Crosses on law enforcement vehicles

NOTE TO READERS: I know I have been presenting bare blog posts the last few months because of physical problems and depression over the national and international scenes. Well, I am back now — sort of — but in a different tenor.
     My repressed anger is beginning to force itself into expression. I am contemplating a fairly lengthy jeremiad about the world around me, but that will take a while to develop and compose.
     For the moment, I am involved in more immediate and very local issues. The other night I attended a city council meeting and, with the help of another local activist, convinced the council members that they should be more concerned about the needs and convenience of the citizenry. It was over a fairly small issue — the scheduling of council meetings — that likely would not interest global readers.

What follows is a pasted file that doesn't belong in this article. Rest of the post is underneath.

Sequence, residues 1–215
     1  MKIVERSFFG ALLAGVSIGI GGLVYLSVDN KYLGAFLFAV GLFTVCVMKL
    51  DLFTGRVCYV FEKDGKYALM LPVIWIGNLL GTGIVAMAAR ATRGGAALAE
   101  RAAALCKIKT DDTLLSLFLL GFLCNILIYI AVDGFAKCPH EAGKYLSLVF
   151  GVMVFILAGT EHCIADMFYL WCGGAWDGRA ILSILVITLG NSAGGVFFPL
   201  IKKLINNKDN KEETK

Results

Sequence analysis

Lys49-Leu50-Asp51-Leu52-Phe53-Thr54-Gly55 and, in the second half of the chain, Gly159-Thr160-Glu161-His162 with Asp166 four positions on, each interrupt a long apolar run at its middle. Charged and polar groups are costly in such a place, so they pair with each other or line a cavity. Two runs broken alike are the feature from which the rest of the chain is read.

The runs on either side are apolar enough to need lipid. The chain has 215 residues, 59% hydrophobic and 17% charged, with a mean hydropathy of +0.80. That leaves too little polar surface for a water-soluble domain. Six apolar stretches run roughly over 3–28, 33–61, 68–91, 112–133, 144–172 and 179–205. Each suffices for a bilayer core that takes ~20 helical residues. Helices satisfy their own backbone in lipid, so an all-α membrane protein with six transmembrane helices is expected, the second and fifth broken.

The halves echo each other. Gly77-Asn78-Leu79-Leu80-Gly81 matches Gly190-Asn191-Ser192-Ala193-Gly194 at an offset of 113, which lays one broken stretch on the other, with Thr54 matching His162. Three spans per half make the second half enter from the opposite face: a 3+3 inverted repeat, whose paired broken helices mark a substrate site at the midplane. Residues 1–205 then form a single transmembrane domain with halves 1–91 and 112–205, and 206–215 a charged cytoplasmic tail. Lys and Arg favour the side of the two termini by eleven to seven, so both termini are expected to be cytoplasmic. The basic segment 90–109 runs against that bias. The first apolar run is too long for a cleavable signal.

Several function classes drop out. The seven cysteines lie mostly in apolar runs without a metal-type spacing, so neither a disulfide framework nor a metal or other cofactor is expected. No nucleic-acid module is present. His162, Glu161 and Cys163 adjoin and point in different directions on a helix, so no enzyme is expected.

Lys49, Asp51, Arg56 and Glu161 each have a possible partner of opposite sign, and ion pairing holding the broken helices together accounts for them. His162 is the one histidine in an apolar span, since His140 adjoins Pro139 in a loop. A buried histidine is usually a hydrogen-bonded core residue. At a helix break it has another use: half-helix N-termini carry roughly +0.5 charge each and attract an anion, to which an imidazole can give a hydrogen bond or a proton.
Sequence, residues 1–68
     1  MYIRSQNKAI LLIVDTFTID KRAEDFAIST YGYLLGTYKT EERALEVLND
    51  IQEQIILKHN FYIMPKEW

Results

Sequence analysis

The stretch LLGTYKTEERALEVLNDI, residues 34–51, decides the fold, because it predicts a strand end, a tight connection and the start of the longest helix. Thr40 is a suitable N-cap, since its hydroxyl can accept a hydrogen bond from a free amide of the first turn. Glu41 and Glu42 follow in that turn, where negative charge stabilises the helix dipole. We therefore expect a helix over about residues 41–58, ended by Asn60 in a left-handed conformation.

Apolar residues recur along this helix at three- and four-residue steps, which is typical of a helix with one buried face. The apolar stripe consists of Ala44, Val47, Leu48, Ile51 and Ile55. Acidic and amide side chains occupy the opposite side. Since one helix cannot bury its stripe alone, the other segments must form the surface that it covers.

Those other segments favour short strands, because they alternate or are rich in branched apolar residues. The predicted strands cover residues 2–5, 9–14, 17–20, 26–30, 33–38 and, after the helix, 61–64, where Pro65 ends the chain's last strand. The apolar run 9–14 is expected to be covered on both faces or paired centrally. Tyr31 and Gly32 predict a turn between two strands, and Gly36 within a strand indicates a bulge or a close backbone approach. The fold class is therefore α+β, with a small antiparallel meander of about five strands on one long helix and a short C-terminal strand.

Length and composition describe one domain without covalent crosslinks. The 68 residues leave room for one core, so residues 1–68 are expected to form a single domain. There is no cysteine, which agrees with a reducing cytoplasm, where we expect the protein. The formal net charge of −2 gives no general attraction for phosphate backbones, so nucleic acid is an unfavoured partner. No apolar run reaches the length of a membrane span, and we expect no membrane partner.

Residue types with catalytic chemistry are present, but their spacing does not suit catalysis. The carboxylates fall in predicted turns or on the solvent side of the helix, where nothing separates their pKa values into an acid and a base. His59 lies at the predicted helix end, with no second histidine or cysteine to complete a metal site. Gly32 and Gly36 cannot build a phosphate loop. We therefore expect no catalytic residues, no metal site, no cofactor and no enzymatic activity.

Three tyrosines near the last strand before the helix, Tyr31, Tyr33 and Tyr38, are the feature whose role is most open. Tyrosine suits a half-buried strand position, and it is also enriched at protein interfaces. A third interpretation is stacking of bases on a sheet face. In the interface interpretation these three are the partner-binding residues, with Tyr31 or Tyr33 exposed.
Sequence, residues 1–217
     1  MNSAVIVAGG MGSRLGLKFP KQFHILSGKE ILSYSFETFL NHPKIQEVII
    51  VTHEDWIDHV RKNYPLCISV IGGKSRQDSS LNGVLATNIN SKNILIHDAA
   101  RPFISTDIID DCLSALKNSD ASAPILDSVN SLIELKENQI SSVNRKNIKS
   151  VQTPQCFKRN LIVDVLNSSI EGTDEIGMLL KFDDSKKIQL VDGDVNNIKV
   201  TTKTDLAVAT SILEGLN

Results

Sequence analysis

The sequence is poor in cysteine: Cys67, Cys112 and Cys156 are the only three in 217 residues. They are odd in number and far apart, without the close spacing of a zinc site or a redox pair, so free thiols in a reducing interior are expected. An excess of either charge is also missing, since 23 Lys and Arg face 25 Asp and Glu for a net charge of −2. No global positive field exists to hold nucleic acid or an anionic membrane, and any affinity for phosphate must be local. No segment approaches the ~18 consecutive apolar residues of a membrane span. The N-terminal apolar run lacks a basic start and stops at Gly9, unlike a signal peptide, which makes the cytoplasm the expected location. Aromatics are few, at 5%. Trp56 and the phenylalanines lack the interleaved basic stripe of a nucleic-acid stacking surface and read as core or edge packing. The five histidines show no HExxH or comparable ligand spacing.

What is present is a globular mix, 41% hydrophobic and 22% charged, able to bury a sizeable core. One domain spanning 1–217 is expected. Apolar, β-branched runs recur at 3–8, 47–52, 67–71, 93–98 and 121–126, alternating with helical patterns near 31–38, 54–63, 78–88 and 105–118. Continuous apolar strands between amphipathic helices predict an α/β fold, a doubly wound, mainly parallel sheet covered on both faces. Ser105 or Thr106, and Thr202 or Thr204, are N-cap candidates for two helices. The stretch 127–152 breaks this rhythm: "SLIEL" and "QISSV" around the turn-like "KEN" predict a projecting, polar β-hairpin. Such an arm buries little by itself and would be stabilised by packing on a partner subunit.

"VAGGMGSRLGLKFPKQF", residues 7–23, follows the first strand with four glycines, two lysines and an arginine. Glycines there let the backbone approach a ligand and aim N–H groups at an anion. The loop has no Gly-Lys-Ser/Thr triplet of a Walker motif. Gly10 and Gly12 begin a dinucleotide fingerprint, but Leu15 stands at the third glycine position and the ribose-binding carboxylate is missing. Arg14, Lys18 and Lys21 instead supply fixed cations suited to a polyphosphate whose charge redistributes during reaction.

This morning, however, our two local papers published a letter-to-the-editor I had written protesting the pasting of religious decals on the rear windows of county sheriff department vehicles. That letter, I figured, should be of interest to citizens all over my homeland, maybe even the world. And that is the reason I am publishing it here today. I have expanded it slightly.
     I hope you find it interesting, even provocative.

     * * * * * *

I hear the Brewster County Sheriff’s office has received more than 1,000 comments on their web page applauding the sticking of religious-oriented decals on their vehicles, and only a few condemning the practice.